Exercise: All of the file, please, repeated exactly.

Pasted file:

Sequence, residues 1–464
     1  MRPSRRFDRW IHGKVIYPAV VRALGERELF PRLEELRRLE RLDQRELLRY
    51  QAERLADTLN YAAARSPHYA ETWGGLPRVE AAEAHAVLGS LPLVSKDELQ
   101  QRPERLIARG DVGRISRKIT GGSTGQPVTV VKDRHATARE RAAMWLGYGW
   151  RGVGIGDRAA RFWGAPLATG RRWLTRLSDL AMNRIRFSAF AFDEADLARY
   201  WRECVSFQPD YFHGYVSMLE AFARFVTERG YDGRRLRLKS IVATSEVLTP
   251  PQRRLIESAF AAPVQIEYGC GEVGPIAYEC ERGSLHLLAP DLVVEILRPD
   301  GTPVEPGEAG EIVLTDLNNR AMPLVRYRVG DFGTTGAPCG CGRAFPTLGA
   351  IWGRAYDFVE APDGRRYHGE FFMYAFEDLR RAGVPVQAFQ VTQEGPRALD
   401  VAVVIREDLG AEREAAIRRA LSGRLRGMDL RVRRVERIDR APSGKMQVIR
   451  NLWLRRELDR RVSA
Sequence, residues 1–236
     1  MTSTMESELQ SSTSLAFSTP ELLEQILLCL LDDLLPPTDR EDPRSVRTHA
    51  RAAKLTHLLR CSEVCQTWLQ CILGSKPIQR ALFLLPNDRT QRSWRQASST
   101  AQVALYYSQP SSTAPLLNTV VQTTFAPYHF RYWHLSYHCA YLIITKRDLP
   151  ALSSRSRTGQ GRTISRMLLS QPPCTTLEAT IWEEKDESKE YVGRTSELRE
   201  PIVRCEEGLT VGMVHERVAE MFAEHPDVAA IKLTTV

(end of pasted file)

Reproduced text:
Sequence, residues 1–464
     1  MRPSRRFDRW IHGKVIYPAV VRALGERELF PRLEELRRLE RLDQRELLRY
    51  QAERLADTLN YAAARSPHYA ETWGGLPRVE AAEAHAVLGS LPLVSKDELQ
   101  QRPERLIARG DVGRISRKIT GGSTGQPVTV VKDRHATARE RAAMWLGYGW
   151  RGVGIGDRAA RFWGAPLATG RRWLTRLSDL AMNRIRFSAF AFDEADLARY
   201  WRECVSFQPD YFHGYVSMLE AFARFVTERG YDGRRLRLKS IVATSEVLTP
   251  PQRRLIESAF AAPVQIEYGC GEVGPIAYEC ERGSLHLLAP DLVVEILRPD
   301  GTPVEPGEAG EIVLTDLNNR AMPLVRYRVG DFGTTGAPCG CGRAFPTLGA
   351  IWGRAYDFVE APDGRRYHGE FFMYAFEDLR RAGVPVQAFQ VTQEGPRALD
   401  VAVVIREDLG AEREAAIRRA LSGRLRGMDL RVRRVERIDR APSGKMQVIR
   451  NLWLRRELDR RVSA
Sequence, residues 1–236
     1  MTSTMESELQ SSTSLAFSTP ELLEQILLCL LDDLLPPTDR EDPRSVRTHA
    51  RAAKLTHLLR CSEVCQTWLQ CILGSKPIQR ALFLLPNDRT QRSWRQASST
   101  AQVALYYSQP SSTAPLLNTV VQTTFAPYHF RYWHLSYHCA YLIITKRDLP
   151  ALSSRSRTGQ GRTISRMLLS QPPCTTLEAT IWEEKDESKE YVGRTSELRE
   201  PIVRCEEGLT VGMVHERVAE MFAEHPDVAA IKLTTV